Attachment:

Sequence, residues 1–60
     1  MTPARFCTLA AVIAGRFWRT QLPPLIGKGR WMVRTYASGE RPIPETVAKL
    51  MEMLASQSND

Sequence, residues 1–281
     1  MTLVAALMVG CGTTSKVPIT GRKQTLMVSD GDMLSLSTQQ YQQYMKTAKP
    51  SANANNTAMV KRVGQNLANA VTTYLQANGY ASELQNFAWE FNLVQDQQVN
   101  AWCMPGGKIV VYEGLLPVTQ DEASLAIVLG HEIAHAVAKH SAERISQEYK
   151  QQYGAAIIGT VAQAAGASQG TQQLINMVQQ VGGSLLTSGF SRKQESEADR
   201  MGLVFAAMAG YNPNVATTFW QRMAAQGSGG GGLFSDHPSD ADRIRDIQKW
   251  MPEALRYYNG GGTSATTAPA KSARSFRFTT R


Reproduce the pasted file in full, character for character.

Sequence, residues 1–60
     1  MTPARFCTLA AVIAGRFWRT QLPPLIGKGR WMVRTYASGE RPIPETVAKL
    51  MEMLASQSND

Sequence, residues 1–281
     1  MTLVAALMVG CGTTSKVPIT GRKQTLMVSD GDMLSLSTQQ YQQYMKTAKP
    51  SANANNTAMV KRVGQNLANA VTTYLQANGY ASELQNFAWE FNLVQDQQVN
   101  AWCMPGGKIV VYEGLLPVTQ DEASLAIVLG HEIAHAVAKH SAERISQEYK
   151  QQYGAAIIGT VAQAAGASQG TQQLINMVQQ VGGSLLTSGF SRKQESEADR
   201  MGLVFAAMAG YNPNVATTFW QRMAAQGSGG GGLFSDHPSD ADRIRDIQKW
   251  MPEALRYYNG GGTSATTAPA KSARSFRFTT R